They say New Yorkers are tough. But even by big city standards, nobody is as fierce as Deanna Carter, a woman who recently busted out her phone and confronted a man who tried to masturbate in front of her on the subway.
"Rubbing your dick? What the fuck are you doing?" Carter shouts in the mobile video. "Do it again and I'm gettin' up out this chair and I'mma bust your fuckin' ass on this train ... you rub your dick when you get off the motherfucking train. Do we fucking understand each other?"
The man nods slightly, but Carter isn't satisfied. So she tells him to get off the train at the next stop.
"Say, 'I understand you, Miss,'" she says. He complies, promptly exiting the train.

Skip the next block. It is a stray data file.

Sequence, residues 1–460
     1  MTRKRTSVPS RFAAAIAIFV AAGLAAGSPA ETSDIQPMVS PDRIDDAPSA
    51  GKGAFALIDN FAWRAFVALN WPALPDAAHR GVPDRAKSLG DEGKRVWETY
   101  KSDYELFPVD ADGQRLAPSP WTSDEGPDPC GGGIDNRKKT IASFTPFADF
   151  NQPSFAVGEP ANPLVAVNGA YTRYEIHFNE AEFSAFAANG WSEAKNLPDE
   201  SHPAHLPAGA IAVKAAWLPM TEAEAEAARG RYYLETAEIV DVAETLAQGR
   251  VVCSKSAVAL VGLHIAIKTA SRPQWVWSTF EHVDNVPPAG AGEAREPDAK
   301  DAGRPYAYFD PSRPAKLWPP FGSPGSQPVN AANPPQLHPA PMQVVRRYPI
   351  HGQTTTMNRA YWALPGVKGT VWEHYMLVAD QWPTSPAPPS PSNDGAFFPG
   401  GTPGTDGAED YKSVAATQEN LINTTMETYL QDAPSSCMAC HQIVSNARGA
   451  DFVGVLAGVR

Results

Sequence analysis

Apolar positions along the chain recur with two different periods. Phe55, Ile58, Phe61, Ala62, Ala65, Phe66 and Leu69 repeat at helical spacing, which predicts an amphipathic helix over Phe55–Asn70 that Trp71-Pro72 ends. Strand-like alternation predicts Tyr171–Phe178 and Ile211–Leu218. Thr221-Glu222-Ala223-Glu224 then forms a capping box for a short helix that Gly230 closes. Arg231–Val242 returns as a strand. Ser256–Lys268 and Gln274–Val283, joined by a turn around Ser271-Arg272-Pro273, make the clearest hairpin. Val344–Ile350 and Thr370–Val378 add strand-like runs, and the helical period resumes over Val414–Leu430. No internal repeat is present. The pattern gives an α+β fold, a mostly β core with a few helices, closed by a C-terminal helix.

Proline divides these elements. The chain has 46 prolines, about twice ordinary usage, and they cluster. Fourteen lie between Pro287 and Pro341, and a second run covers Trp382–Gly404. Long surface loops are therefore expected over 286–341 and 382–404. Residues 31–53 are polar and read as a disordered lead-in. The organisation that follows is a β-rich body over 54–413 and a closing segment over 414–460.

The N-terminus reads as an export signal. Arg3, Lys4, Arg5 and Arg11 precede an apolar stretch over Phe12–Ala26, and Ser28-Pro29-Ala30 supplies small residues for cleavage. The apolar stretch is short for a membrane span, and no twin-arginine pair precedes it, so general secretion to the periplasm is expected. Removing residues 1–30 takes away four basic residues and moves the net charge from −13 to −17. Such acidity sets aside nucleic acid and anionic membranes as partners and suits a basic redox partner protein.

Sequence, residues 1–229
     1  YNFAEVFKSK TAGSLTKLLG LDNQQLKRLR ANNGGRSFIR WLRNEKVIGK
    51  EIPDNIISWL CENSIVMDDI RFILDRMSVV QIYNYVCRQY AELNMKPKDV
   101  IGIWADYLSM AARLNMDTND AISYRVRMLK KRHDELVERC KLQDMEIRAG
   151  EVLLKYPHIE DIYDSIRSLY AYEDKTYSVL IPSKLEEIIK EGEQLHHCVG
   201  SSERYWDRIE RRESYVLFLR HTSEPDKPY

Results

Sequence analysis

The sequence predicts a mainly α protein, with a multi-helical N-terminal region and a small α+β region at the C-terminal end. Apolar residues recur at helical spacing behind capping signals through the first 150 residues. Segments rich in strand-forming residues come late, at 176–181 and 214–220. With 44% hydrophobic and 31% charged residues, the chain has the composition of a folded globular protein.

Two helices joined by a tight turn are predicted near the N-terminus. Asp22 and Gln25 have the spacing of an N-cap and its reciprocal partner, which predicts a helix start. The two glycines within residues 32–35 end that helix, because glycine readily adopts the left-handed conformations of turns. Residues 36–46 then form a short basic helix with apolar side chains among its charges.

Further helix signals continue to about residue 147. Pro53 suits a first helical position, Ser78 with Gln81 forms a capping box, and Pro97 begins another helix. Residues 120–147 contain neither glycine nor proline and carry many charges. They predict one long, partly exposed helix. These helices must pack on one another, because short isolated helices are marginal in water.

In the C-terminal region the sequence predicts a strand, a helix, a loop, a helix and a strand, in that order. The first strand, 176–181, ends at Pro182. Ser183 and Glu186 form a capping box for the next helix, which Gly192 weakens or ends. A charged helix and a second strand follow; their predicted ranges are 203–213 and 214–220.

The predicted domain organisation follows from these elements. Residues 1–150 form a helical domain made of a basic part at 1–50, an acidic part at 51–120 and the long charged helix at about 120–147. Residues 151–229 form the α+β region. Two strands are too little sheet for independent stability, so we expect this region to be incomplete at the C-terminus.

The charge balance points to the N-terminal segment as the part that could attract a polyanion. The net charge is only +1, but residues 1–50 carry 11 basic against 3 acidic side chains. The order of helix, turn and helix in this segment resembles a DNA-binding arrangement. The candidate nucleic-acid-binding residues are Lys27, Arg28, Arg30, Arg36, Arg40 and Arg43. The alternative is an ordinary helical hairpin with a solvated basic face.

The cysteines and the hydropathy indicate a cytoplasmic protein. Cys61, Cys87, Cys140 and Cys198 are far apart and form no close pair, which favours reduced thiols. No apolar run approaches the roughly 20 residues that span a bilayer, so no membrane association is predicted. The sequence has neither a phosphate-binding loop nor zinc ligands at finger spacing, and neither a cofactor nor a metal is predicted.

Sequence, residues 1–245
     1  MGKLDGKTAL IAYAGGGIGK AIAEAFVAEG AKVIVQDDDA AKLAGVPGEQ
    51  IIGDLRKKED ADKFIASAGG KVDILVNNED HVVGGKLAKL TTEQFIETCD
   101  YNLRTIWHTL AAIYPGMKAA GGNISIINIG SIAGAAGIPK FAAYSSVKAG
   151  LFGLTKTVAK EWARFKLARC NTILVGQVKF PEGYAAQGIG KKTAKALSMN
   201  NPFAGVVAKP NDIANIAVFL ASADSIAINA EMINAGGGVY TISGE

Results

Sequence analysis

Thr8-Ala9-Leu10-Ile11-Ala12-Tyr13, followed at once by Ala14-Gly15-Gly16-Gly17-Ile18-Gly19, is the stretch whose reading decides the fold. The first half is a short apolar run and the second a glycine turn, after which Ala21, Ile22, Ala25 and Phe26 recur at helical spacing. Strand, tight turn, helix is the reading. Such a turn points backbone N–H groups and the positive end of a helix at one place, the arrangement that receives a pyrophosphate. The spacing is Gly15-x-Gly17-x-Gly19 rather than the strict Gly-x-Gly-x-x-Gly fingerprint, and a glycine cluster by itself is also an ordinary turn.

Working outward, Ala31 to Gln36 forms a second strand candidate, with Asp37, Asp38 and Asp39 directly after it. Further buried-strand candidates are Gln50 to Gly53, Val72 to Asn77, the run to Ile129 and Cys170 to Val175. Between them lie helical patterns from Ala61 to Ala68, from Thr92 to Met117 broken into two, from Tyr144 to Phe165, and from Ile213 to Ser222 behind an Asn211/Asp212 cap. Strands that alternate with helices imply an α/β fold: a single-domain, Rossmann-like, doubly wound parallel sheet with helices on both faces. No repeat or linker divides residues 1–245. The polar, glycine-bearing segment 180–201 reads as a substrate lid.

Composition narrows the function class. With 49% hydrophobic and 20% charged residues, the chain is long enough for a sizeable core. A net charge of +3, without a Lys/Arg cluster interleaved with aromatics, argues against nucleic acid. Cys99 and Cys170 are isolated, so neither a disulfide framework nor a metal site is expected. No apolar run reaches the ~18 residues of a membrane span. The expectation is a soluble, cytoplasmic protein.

After Carter posted the video of her confrontation on Facebook, it quickly garnered more than 17,000 shares. That's probably because she's far from the only woman to be sexually harassed on the subway. In 2010, for instance, fellow New Yorker Nicola Briggs confronted her own subway harasser after he exposed himself to her on the subway; the footage from that incident also went viral.
Hundreds of women face this kind of harassment on the subway every year. The Wall Street Journal reported that the rate of sex crimes on New York subways rose by more than 50% since 2015, with 458 sex crimes reported so far this year. These complaints include unwanted touching, indecent exposure and upskirt photos.
According to surveys conducted by the advocacy group Stop Street Harassment, 65% of female respondents have experienced street harassment, including incidents on public transit.
So far, the culprit in Carter's video remains anonymous. But being called out and shamed — both on the subway and on Facebook — probably lent a whole new meaning to the term "public exposure."